Phil Spector Juror's Injury Halts Testimony In Retrial
The first day of testimony in music producer Phil Spector's murder retrial has been canceled after a juror fell and broke his foot in the court parking lot.
Superior Court Judge Larry Fidler made the move on Thursday after speaking with the juror, who is the first alternate. He says the man wants to continue after receiving medical attention.
The judge says he is reluctant to lose an alternate juror this early in the trial and would await the man's return on Monday. The trial is not in session on Fridays.
Keanu Reeves' Attorney Chips Away At Paparazzo
A paparazzo suing Keanu Reeves told jurors that he could not remember giving conflicting accounts of an incident involving the actor that he claims left him seriously injured.
Alison Silva buckled under questioning by Reeves' defense attorney and acknowledged he was beaten by fellow photographers while shooting photos of Britney Spears earlier this year. That assault came roughly a year after the incident in which Silva claims Reeves hit him with a car and left him unable to work.
Silva acknowledged the beating left him unconscious and forced him to delay a second surgery to repair damage in his left wrist he attributes to the run-in with Reeves.
The 28-year-old Brazilian-born paparazzo spent his second day testifying about the incident and his subsequent treatment. He is suing the star of "The Matrix" and "Speed," claiming he hit him with his Porsche in March 2007 while Silva was trying to shoot photos of the actor behind the wheel.
Jurors on Wednesday also heard from a fire department captain who testified that Silva complained of pain in his left knee moments after his fall, despite his later statements to doctors and testimony that Reeves' Porsche hit his right knee and that it hurt afterward.
The captain also testified that Silva was clutching his camera when paramedics arrived, contrary to the paparazzo's testimony that he dropped his camera when he says Reeves hit him with his Porsche.
ACM Names George Strait "Artist Of The Decade"
George Strait will receive the Academy of Country Music's Artist of the Decade award.
The ACM announced Thursday that Strait will receive the award in recognition of his nearly 25-year career. Only four other acts have received the distinction: Marty Robbins in 1969, Loretta Lynn in 1979, Alabama in 1988 and Garth Brooks in 1998.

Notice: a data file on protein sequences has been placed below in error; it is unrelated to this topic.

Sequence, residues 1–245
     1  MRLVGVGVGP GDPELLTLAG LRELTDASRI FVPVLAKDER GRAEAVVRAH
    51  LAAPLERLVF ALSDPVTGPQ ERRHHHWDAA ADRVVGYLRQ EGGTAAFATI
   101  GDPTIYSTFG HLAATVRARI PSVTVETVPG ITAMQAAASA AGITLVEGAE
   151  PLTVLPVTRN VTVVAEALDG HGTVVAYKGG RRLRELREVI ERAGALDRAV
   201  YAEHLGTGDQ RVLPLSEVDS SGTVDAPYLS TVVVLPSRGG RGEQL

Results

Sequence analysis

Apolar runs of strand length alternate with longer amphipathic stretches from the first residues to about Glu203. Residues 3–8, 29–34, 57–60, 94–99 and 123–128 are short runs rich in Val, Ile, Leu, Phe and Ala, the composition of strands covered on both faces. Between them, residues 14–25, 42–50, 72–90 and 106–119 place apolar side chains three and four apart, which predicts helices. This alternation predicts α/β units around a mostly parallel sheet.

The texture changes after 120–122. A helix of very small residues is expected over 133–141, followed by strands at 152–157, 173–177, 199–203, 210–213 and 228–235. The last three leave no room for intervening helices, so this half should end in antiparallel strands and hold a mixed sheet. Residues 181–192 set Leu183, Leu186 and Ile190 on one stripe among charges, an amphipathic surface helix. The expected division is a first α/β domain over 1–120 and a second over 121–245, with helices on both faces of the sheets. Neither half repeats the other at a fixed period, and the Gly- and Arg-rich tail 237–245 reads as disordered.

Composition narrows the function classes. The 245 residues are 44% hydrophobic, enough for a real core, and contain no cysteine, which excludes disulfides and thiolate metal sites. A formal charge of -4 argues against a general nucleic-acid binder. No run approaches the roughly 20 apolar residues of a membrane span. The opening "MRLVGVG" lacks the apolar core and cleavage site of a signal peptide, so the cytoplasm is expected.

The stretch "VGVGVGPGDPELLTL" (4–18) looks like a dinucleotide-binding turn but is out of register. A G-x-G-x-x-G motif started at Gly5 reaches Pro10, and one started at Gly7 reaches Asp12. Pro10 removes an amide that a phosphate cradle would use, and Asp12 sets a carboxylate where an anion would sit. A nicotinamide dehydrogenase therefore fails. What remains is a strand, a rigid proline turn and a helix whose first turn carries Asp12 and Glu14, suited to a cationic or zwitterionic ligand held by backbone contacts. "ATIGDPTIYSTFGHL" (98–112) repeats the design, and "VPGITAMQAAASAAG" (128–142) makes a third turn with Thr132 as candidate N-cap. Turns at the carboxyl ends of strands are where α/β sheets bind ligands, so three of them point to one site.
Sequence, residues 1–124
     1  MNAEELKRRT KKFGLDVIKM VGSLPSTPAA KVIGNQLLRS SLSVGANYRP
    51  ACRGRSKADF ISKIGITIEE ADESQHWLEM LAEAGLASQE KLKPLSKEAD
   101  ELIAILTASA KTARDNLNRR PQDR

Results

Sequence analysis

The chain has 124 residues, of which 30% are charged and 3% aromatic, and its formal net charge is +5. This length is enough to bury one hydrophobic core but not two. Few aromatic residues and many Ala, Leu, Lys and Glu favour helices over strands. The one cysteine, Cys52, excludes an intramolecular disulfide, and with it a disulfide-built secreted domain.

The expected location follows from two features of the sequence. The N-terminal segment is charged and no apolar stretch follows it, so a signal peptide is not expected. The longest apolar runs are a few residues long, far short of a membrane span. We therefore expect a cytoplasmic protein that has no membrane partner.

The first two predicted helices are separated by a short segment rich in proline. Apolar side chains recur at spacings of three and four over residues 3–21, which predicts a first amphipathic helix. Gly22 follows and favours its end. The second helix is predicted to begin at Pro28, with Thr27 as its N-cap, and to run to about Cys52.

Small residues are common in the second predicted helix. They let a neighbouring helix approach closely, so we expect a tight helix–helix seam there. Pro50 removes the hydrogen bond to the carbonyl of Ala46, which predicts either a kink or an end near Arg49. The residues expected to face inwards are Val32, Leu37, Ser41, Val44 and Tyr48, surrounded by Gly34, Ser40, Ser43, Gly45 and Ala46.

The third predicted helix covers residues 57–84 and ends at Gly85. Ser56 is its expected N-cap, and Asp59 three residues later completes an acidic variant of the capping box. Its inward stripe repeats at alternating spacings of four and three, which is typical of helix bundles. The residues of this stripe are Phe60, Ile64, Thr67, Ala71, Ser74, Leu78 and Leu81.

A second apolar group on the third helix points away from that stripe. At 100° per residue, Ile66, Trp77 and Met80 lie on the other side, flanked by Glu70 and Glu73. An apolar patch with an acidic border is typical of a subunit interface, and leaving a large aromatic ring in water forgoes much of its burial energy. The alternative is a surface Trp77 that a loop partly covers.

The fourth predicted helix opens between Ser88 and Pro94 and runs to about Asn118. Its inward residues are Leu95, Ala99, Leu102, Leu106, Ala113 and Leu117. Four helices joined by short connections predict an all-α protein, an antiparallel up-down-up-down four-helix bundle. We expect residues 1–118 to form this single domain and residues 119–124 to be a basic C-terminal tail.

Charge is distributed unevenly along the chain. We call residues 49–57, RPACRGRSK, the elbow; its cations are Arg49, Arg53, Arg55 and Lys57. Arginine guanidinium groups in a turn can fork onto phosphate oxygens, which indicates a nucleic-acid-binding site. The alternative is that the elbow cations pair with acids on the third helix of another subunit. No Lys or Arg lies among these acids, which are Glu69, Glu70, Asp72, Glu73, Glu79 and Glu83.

Strait's many hits include "Amarillo By Morning," "Ocean Front Property," "Check Yes or No," and "I Saw God Today."
The ACM will tape a TV special in honor of Strait at the MGM Grand Garden Arena in Las Vegas on April 6, 2009, to air at a later date.
The 44th Annual ACM awards will air live on CBS from the MGM Grand on April 5, 2009, with Reba McEntire hosting.
Oscar Theater Designer Rockwell Nabs Awards Gig
David Rockwell crafted the current home of the Academy Awards show. Now he gets to jump in on Hollywood's big night itself.
Rockwell will be production designer for the Oscar show on Feb. 22, the Academy of Motion Picture Arts and Sciences announced Thursday.
The 52-year-old architect, who has also handled the set design for "Hairspray," "Legally Blonde" and other Broadway productions, joins a team of fresh faces overseeing the 81st Oscar show, led by producer Laurence Mark and executive producer Bill Condon, filmmakers working on the ceremony for the first time.
"David is an innovator who possesses the outstanding combination of truly firsthand knowledge of the Kodak Theatre and superb design work in a variety of realms, including film and theater," said Mark and Condon in a joint statement. "We're pleased to be collaborating with someone whose talents are so diverse."
Also new to the telecast is producer Roger Goodman, vice president of special projects at ABC. Goodman, a multiple Emmy winner who will direct ABC's presidential inauguration coverage a month before the Oscars, has many major sporting events, news programs and awards shows to his credit, including the Academy Awards Countdown Show.
The ceremony is in the early planning stages and nominations will not be announced until Jan. 22, but Rockwell had one early prediction about the show.
"I think we'll see things never seen before at the Oscars," Rockwell said. "One of the things about the Oscars is there are such thrilling possibilities. It is one of the great kind of communal rituals of the entire world."
His firm, New York City-based Rockwell Group, designed the 3,500-seat Kodak Theatre in the heart of Hollywood, the venue for the Oscar show since 2001.